"We are concerned about the academic nature of using pencils in such a way. Our worksheets are designed with best practices in mind. They are scientifically proven to work. Would you trust a doctor who tried to insert blood instead of using leeches?"  

"It seems to me that you say you want creative and imaginative teachers.  You want us to think outside the box and then you get angry when we don't have students follow your rigid curriculum."  

"There's flexibility in it.  Read the Teacher Workbook.  Each lesson has at least three Extension Activities you can consider."  

"Can you tell me something honestly? In art class, do you give kids a canvas and paints and then tell them they have to only paint by number?  In PE do you hand kids a ball and tell them every child must play the same position?"  

"Look, we paid good money for Pencil Island and Jonestown Intervention.  We want to get our money's worth on the investment."  

As I leave, I fail to say what is going through my mind: What if we stopped investing in curriculum and started investing in our children's minds?

do we need a phonograph in my classroom?

Last night, we gathered around a small fire in our back yard.  The necessity of warmth forces us to connect.  A few of our neighbors come by.  For all the talk of social networking, this is our true social network.  Before we had pen pal sites, we had fire pits and front porches and potlucks.

Earlier this week a representative from the district office pulled me aside and eagerly expounded upon a great pencil initiative.  It's not simply pencil-based, but multimedia.  Kodak cameras, phonographs, Edison projectors, perhaps even an instant connection to a telegraph.  "Tom, we're looking toward your classroom as the prototype for a Twentieth Century Classroom."

"That sounds really intriguing, but shouldn't we wait until the twentieth century so that we're all in the same century together. I mean it might be lonely in a classroom-based time machine." I responded.

He stared at me blankly.

"It was a joke," I tell him.  He offers a sympathy chuckle. It was a bad joke, but it was the best I had.  Just about every subject is taboo when talking to an edu-crat.

"So, look, we'll be adding a few phonographs in the next week.  We want to test some of this technology out on you first before launching the initiative." Something about this process leaves me feeling as though my students are the newest lab rats. I teach children, not data.  I always want to keep that distinction.


I spent a large part of my life in Kansas.  Everything is bigger and smaller when you can see the horizon.  Perhaps it's an optical illusion that the sun becomes massive.  I think it's an illusion that it was ever small in the first place.

We knew the land and the dirt and weather.  People have called it a simple life, but that's not exactly the term.  Life was complex.  Soil was complex.  We knew the names of most species that lived in our little ecosystem and our neighbors knew something of humanity that I've already lost.  I think you sometimes have to live in a smaller place to get a bigger picture.

So now our home is in a tiny enclave of a large urban center.  We can't see the stars.  My daughter will grow up without the freedom to walk out into a pitch-black night and stare into the universe.  I've heard that light pollution can cause animals to lose their orientation.  I wonder if that's what's happening to us. We start to believe that sky scrapers are larger than the very star that gives us life and warmth and light.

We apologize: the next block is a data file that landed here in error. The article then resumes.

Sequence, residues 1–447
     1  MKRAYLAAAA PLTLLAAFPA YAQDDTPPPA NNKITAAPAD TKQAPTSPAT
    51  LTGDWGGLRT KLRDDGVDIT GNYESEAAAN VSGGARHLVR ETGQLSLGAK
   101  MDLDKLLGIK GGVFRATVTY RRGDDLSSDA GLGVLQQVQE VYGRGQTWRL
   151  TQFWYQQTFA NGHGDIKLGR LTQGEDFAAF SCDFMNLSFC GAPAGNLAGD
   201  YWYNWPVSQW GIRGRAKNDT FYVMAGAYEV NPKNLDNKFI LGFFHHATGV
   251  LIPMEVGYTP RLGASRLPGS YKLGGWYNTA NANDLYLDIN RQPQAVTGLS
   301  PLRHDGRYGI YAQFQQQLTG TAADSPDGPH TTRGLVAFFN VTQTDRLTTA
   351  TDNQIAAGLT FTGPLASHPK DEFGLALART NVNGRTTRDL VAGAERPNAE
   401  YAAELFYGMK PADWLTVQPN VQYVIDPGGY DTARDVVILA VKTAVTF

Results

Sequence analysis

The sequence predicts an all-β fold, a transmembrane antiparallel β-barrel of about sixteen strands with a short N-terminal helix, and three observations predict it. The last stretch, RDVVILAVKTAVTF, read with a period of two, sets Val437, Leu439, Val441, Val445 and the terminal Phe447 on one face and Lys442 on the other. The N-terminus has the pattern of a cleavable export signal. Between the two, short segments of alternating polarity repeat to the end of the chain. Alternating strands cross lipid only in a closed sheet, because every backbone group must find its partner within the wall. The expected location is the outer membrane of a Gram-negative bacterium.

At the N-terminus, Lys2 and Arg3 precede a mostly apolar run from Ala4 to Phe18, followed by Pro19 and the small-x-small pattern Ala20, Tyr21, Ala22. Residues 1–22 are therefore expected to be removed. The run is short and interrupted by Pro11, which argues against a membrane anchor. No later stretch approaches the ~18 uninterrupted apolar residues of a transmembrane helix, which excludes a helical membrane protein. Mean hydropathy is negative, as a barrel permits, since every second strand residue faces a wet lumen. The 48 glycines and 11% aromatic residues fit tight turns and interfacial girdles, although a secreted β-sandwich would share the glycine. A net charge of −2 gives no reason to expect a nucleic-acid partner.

Phonographs, photographs and telegraphs present a subtle lie that life belongs on a graph.  Our neighborhood is an a grid, sending us electricity in promise of progress. It's less about progress than progression through compression.

Life on a graph is compressed.  A phonograph extracts sound that is meant for a concert hall and compresses it into a machine.  We lose a sense of the quality in exchange for portability and permanence.  The same goes for a photograph.  It's a two-dimensional, black and white replica of life. Or a telegraph - chop the information into patterns of beeps in exchange for instant messaging (teaching us the lie that the urgent is the same as the important).  For what it's worth, I have a hunch that the mind can produce permanent and portable images and sound, but it's intangible and untrustworthy.

The mind is mythology and pictures are prose, but I am convinced that truth is not always real and reality is not always true. If the twentieth century is simply more compression and portability and constant progression without ever feeling the connection to the land, I'm not sure that I'm fit for it.  If we are willing to exchange connection with one another for connection to to devices, then I think it's a Faustian exchange and I'm not sure I'm the teacher to lead this "cutting edge" reform. Especially when no one is asking "who and what are we cutting?" (Is it us? Is it information? Is it the land? Is it sound and space and time that we cut through?)

A couple of days ago, I saw my wife speaking softly into the mouth of a telephone.  She was at home, but she was somewhere else. Her hand gently held its mechanical mouth.  I don't fault her for wanting to talk to her parents, but in that moment, I was jealous.  It should have been my mouth she caressed and my lips she kissed.

A century from now, we'll probably have moving pictures at the palm of our hands.  We'll have instant messaging and we'll probably have a way to plug a tiny phonograph into our ears to hear thousands of songs. Life will be so compressed that people won't even have a reason to stare out into the stars or watch the son fall into the horizon or sit around a fire and tell stories.